Photo of Dr Paul Bryant

Dr Paul Bryant BSc, MSc, D.Phil (Oxon)

Research Fellow Electrical Engineering and Electronics


    Magnetised Complex Plasmas

    Technological Plasmas Group Page

    An improved understanding of the transport and fate of dust in the next generation of tokamak plasmas is of particular concern since dust can reduce the performance and efficiency of the reactor and generate radioactive contaminants. The aim of this project is to experimentally study dusty plasma phenomena in magnetised plasmas, focusing on collective effects such as crystal formation and wave propagation as well as solitary dust transport. Experimental results will be compared with computer simulations of dust particle transport in stable and turbulent magnetised plasmas to improve them. This project is in collaboration with the University of York, Imperial College London and the DIFFER institute (Netherlands). The experimental work involves the use of laser based dust diagnostics, Langmuir probes and filtered optical imaging .

    Research Group Membership

    Research Grants

    Dust in Magnetised Plasmas.


    September 2014 - March 2018

    3rd INTERACT travel grant: starting point for collaboration with a Japanese network in microplasmas.


    April 2006

    Research Collaborations

    Dr Ben Dudson

    Project: Turbulance and Dust transport
    External: Plasma Institute, University of York

    Study of turbulance and dust transport in MAGNUM-PSI

    Dr Thomas Morgan

    Project: Dust transport in MAGNUM-PSI
    External: DIFFER Institute

    1) To study dust transport in fusion like plasmas
    2) Study of trubulance

    Prof Svetlana Ratynskaia

    Project: Dust transport in MAGNUM-PSI
    External: KTH Royal Institute of Technology

    To study and verify existing models of dust transport in fusion like plasmas

    Dr Michael Coppins

    Project: Magnetised Complex Plasmas
    External: Imperial College London

    To study the transport and charging of micron sized dust grains in a magnetised low temperature plasma to validate existing dust transport codes.

    Dr James Harrison

    Project: Ball pen probe
    External: CCFE - MAST

    To develop a PIC code to model the physics of Ball pen and flush mounted probes for improved understanding in Tokamaks.

    Dr. Bert Ellingboe

    Project: Hairpin resonator probe
    External: Dublin City Univeristy

    Use of a hairpin resonator probe to measure negative ion density with laser photodetachment in electronegative DC pulsed magnetron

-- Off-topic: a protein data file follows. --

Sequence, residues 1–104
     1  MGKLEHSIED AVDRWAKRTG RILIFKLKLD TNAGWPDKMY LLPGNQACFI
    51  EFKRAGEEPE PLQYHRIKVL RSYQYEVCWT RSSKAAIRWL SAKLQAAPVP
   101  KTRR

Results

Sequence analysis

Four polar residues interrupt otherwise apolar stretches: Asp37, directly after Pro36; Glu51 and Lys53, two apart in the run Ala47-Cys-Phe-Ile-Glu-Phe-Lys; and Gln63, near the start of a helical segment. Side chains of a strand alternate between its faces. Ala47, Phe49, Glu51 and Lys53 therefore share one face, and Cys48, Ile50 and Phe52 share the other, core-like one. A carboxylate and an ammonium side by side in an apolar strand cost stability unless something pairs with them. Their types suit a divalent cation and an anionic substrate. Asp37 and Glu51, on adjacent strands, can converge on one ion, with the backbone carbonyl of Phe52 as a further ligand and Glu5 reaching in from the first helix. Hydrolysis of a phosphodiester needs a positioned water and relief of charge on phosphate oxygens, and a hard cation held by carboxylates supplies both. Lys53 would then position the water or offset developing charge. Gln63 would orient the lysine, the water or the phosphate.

Prof. Nick Braithwaite

    Project: Ion flux probe and Abel Inversion
    External: The Open University

    1) Experiment to perturb CCP plasma by applying MHz sinusoidal signals to ion flux probe.
    2) Optical image data analyse of a pulsed magnetron plasma by development of Abel inversion software.

    Dr Greg Clarke

    Project: Pilkingtons
    External: Pilkington

    To develop and use an atmospheric pressure glow discharge as a radiation source

    Prof. Raoul Franklin

    Project: Magnetised plasmas
    External: The Open University

    Modelling of magnetised electronegative plasmas (EPSRC project: The study of magnetized electronegative depositing plasmas)

    Prof. H. Amemiya

    Project: Laser photodetachment of negative ions
    External: Chuo Univeristy, Japan

    Laser photodetachment studies of pulsed DC magnetised electronegative plasmas

    Dr Endre Szili

    Project: Microcavity arrays, plasma jets, microfluidics
    External: Mawson Institute, University of South Australia

    1) To locally modify surface properties of selected polymers at the micron-scale using silicon based micro-cavity discharge arrays.
    2) To study the surface modification of polymers using microplasma jets.
    3) Study of the properties of graded plasma in a microchannel fluidic channel.

    Dr Sung-Jin Park, Prof Gary Eden

    Project: Cavity array microplasma for surface processing
    External: University of Illinois-Urbana Champaigne

    To study the application of silicon based microplasmas to matierials processing and to investigate fundamental microplasma physics.

    Prof. Greg Morfill, Dr Uwe Knopka

    External: Max-Planck-Institute